Tears in the Club

Album Review of Tears in the Club by Kingdom.

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Tears in the Club


Tears in the Club by Kingdom

Release Date: Feb 24, 2017
Record label: Fade to Mind
Genre(s): Electronic, R&B, Pop/Rock, Club/Dance, Bass Music, Alternative R&B

72 Music Critic Score
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Tears in the Club - Very Good, Based on 8 Critics

The 405 - 85
Based on rating 8.5/10

Kingdom's reputation precedes him. As a producer, he's played a huge role in kickstarting the current wave of artists who are now unafraid to fuse different sounds when making their music. Tracks such as Kelela's 'Rewind', a gorgeous, nuanced club banger that exemplified Kingdom's skill as a producer and curator - it's sharp, clever music for the club that draws inspiration from across the musical landscape.

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PopMatters - 80
Based on rating 8/10

In the 21st century, there's an increasingly sad and desperate quality to pop culture hedonism. Oddly, this is perhaps most evident in the way that R&B has given way to club music. When former R&B producers and performers embraced dance music, you might have expected an increase in euphoria, an influx of ecstasy. Yet the digitally-enhanced uplift in the records by producers such as Flo-Rida, Pitbull and will.i.am has a strangely unconvincing quality, like a poorly photoshopped image or a drug that we've hammered so much we've become immune to its effects.

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Mixmag - 70
Based on rating 7/10

Since co-founding Fade To Mind, LA's Kingdom has been leading the charge for futuristic takes on club music. He trailblazed the (now rampant) use of r'n'b samples in the club sphere, while his work with vocalists such as Kelela and D∆WN is responsible for creating some of the freshest sounds out there. He continues with the same approach on his debut LP, crafting sleek beats with touches of bass-loaded darkness, and often combining them with affecting vocals from various guests.

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Pitchfork - 67
Based on rating 6.7/10

Ezra Rubin (aka Kingdom) is an architect of the post-club sound--a new profile cleaved from caustic synthesizers, herky jerk percussion, and crying on the dancefloor. The melting pot of sounds he and his collaborators in Fade to Mind (Nguzunguzu, Total Freedom) and Night Slugs (Bok Bok, L-Vis 1990) offered pulled from UK garage, dancehall, and diva-driven house that still seems prescient. Rubin, in particular, helped shaped a postmodern vision of R&B alongside Kelela and Dawn Richard that's influenced everyone from FKA twigs to Justin Bieber.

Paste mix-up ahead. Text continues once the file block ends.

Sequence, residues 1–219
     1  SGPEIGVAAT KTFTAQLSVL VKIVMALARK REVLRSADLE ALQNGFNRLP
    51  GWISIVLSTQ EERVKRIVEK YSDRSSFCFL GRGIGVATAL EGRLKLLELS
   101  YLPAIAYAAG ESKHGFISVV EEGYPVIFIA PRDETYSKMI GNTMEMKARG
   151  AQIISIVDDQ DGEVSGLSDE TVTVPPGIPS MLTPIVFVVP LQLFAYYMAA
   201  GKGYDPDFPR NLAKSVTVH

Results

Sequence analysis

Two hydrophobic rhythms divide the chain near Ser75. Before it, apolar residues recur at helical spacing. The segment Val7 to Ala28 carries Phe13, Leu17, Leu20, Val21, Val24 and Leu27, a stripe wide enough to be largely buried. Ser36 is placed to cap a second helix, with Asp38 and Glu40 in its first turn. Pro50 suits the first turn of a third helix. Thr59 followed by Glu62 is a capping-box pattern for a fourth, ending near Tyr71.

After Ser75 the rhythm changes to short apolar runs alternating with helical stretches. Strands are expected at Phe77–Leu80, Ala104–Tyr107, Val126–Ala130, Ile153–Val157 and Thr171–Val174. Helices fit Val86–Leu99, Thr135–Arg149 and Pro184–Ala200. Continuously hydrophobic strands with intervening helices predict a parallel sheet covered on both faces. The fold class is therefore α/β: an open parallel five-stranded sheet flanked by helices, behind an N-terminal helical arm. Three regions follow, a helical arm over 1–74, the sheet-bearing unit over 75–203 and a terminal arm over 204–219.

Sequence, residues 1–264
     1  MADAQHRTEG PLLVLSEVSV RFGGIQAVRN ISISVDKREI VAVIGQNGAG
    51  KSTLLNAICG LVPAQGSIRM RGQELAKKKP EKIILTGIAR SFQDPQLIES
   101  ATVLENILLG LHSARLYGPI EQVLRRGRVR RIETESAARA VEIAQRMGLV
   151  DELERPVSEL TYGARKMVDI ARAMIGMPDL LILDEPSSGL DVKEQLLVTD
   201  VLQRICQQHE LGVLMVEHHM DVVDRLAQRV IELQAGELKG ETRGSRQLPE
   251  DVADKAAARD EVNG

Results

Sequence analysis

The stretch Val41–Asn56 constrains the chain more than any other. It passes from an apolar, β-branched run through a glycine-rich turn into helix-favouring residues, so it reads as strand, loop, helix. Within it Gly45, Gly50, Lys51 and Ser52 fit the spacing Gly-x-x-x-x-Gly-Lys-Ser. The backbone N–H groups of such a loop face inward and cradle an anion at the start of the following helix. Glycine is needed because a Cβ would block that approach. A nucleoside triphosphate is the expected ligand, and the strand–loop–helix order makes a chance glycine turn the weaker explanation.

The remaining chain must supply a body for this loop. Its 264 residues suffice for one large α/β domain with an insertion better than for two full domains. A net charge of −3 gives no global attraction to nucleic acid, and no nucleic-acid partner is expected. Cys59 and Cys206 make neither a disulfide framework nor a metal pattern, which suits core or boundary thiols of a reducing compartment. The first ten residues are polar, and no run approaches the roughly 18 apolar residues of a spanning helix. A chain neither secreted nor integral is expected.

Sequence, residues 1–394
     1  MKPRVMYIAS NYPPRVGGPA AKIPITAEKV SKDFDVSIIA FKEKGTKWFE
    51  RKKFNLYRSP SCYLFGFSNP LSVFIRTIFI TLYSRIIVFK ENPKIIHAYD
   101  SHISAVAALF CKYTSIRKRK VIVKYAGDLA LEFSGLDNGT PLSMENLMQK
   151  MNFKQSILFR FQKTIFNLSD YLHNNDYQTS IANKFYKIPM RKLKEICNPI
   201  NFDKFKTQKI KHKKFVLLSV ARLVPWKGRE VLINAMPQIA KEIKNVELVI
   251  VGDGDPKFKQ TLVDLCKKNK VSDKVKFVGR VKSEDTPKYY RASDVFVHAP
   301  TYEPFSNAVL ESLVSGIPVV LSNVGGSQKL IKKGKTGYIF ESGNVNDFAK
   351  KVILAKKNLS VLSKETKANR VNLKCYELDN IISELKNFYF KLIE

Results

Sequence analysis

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Resident Advisor - 66
Based on rating 3.3/5

Writing a decent hook is hard, and only a chosen few have the knack for it. That's why pop stars often have an army of songwriters behind them, not to mention the producers, instrumentalists and engineers who contribute. But Kingdom's career is peppered with hits--big, charismatic vocal tunes that stick in your head--and he's done it without a team of professionals.

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AllMusic - 60
Based on rating 6/10

Tears in the Club, the debut from Los Angeles-based electronic producer Kingdom, is a hypnotic offering that is more likely to inspire those eponymous waterworks simply by way of its sparse beauty. At times hallucinatory and narcotic -- like on the sample-heavy ruminations featured on half of the album -- Tears is a futuristic journey that transports listeners into a cloudy, swirling inner space. Inspired by house and R&B music, the artist born Ezra Rubin may have built a name for himself with toe-tapping body-movers, but here he relies on atmosphere and space (the pulsing title track is the closest he wanders into earlier territory, and even that remains an ominous and claustrophobic experience).

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Los Angeles Times
Their review was generally favourable

It's hard to overstate the quantity of hot beat-based music bumping out of Los Angeles, and the new year has already produced some keepers. In fact, Los Angeles is riding another crest in a wave of synthesized sounds that over the last decade has made the region a hub. Below, a few highlights from the L.A. beat sector.

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Their review was only somewhat favourable

"What Is Love," the opening track of Kingdom's debut full-length album Tears in the Club, immediately establishes itself as a highlight of his catalog. It has everything we've come to expect from the Los Angeles DJ and producer born Ezra Rubin: downbeats that arrive a split later than you expect them to; a bevy of samples that another producer would deploy for their percussive force, but that Kingdom uses to extend his cavernous atmosphere; a bell-like synth patch that should come off as 1980s retro but instead sounds cleanly modern; and crucially, a lead vocal from SZA, who navigates the unorthodox beat and deftly makes it her own. Kingdom is at his best when he's working in collaboration, shepherding the talents of his peers.

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